10 Worst CGI Sequences in Movies Part I

When you’re making a movie, it must be tempting to use CGI to realize your wildest sequences–even if you don’t have the budget or the talent. The first Jurassic Park came out in 1993, with a flawless combination of CGI and dinosaur robots. Of course, the entire premise of the film was that the dinosaurs were real. If they looked fake, they wouldn’t have had a movie on their hands.

Not every movie studio holds itself to those same standards. Too often, the CGI is gratuitous, and it’s terrible. Here are the worst CGI sequences in movies.

The Mummy Returns

What’s baffling about the CGI sequence in this movie is that it followed The Mummy’s, which had great CGI sequences. This film was The Rock’s start in Hollywood, but he was still active in the wrestling world and unable to shoot the movie’s big finale battle. So, the studio opted to CGI both The Rock’s face and his scorpion body.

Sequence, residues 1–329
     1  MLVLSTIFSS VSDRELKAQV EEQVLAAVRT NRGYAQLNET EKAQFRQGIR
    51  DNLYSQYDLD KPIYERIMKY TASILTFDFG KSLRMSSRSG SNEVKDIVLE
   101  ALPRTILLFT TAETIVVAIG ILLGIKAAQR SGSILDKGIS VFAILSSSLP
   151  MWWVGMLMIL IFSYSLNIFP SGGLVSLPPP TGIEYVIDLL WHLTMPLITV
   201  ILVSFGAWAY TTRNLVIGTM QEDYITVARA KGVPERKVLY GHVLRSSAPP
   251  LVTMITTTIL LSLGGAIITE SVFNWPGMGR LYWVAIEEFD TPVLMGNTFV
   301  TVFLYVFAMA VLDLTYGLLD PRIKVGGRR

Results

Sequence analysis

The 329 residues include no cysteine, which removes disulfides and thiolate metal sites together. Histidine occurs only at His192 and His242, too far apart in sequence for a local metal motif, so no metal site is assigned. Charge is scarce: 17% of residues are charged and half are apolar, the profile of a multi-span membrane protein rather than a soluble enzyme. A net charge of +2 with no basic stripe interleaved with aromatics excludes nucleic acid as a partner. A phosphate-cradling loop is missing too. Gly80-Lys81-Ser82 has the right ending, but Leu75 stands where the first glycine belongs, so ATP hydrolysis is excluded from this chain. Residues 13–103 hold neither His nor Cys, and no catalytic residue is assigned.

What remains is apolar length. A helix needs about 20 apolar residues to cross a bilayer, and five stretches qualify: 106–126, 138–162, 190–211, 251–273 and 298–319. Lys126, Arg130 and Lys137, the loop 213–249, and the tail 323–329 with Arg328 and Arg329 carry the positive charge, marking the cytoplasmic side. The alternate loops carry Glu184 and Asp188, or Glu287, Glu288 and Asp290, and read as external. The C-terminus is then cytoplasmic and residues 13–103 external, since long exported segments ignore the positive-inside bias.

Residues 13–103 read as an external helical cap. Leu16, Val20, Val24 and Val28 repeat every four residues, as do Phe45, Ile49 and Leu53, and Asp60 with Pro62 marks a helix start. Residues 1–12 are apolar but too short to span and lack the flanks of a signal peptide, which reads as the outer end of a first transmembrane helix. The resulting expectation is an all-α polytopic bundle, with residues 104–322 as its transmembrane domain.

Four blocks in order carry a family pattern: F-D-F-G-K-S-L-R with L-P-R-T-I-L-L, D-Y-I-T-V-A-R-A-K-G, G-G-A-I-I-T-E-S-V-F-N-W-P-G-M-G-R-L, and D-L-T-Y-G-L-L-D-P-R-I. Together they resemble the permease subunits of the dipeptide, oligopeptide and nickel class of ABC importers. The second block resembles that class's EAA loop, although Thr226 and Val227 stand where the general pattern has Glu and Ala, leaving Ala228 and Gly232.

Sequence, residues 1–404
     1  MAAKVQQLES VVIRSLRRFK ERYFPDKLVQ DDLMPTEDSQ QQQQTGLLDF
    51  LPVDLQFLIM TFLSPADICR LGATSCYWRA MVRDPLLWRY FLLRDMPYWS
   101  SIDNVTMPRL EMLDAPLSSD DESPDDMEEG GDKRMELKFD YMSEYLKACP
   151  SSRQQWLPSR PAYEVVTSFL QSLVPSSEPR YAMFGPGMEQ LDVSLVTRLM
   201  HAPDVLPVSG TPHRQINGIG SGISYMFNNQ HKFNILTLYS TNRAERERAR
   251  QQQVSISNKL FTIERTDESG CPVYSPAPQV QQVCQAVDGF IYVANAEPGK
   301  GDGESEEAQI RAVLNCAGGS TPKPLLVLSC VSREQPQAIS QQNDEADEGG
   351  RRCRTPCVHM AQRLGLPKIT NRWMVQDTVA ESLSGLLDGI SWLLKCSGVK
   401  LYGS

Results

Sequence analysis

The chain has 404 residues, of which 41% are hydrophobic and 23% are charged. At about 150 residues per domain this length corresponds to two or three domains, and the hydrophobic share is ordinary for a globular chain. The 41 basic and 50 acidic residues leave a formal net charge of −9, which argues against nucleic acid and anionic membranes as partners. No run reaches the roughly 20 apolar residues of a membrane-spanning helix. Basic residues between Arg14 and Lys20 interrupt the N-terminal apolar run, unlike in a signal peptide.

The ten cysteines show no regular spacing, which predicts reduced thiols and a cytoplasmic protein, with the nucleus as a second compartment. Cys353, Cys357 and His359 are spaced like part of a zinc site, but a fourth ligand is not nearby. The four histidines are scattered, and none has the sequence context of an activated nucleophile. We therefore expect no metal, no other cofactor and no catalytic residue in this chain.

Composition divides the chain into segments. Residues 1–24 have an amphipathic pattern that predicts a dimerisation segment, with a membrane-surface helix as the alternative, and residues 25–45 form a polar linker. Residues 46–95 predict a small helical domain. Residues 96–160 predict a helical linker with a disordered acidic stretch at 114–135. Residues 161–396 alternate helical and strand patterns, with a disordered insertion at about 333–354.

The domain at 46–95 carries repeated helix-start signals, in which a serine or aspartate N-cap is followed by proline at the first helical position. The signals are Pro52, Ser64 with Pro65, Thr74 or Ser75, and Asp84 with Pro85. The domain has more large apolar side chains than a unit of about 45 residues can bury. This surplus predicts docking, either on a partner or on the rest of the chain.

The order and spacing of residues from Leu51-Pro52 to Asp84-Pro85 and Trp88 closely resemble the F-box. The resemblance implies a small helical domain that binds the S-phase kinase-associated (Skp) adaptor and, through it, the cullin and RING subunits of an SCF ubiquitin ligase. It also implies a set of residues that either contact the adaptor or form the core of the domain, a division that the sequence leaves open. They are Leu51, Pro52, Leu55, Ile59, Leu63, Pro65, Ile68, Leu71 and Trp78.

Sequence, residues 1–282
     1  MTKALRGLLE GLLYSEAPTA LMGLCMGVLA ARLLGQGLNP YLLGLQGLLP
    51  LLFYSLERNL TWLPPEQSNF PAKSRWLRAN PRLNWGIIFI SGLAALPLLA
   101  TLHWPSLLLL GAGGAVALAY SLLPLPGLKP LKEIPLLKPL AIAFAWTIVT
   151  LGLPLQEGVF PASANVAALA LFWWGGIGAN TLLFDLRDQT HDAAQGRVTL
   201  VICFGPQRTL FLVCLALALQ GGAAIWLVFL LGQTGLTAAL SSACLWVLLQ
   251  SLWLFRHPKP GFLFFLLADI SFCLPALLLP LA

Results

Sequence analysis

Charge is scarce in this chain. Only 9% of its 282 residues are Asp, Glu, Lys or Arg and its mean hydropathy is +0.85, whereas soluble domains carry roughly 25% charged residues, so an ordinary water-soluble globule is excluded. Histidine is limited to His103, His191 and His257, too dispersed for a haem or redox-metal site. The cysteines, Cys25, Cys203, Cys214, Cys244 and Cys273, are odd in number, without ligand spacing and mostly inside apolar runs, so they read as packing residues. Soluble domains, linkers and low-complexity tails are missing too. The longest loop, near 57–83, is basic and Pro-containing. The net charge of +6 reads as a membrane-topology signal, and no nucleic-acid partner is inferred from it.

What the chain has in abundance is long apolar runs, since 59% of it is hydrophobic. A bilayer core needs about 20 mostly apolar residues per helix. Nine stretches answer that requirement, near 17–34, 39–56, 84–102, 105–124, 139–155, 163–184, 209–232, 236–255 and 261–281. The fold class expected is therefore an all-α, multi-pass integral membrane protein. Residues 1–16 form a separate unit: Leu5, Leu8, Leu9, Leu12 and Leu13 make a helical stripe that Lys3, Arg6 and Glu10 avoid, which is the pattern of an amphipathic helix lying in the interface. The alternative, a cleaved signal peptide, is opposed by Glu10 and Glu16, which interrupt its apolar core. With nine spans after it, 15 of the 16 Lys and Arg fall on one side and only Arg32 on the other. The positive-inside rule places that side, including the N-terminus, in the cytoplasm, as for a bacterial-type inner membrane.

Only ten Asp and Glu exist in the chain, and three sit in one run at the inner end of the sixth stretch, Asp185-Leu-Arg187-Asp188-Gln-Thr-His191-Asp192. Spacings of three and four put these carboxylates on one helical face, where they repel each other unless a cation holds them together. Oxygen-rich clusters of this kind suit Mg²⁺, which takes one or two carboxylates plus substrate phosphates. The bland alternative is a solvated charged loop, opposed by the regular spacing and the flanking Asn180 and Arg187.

The quality wasn’t an issue of money or talent, but time. The studio wanted to capitalize on the success of The Mummy. It pushed to drop the movie on schedule–even if the animations looked half-finished.

Harry Potter and the Sorcerer’s Stone

Because stunt work involving children is challenging to execute, producers decided to CGI kids during the high-action sequences. The scenes include when Harry Potter fights the troll, the quidditch players, and Neville falling from the castle.

The movie would have been better served by cutting the scenes or shooting them differently, than the weird, poorly rendered CGI wizarding students.

Die Another Day

There’s something so devastating about sequels that lean heavily on lousy CGI. Goldfinger was one of the all-time best James Bond movies (don’t @ me). But then the rest of the Pierce Brosnan flicks fell victim to the atrocious action film tropes of the early Aughts, like gratuitous CGI.

In Die Another Day, a computer-generated Bond holds onto a parachute to surf down an arctic wave created by a collapsed glacier. At least they still did the explosions for real back then.

Star Wars

The crimes against cinematography include all the Prequels and the Special Edition. Maybe George Lucas wanted a private island or to buy the state of Idaho. For whatever reason, he thought he needed to go back into A New Hope and add some crappy CGI for a spicy re-release.

The original Jabba the Hutt – from the eighties – was a revelation. Visceral, gross, not realistic, but realistic enough to hook you into the scene. The CGI version did none of that.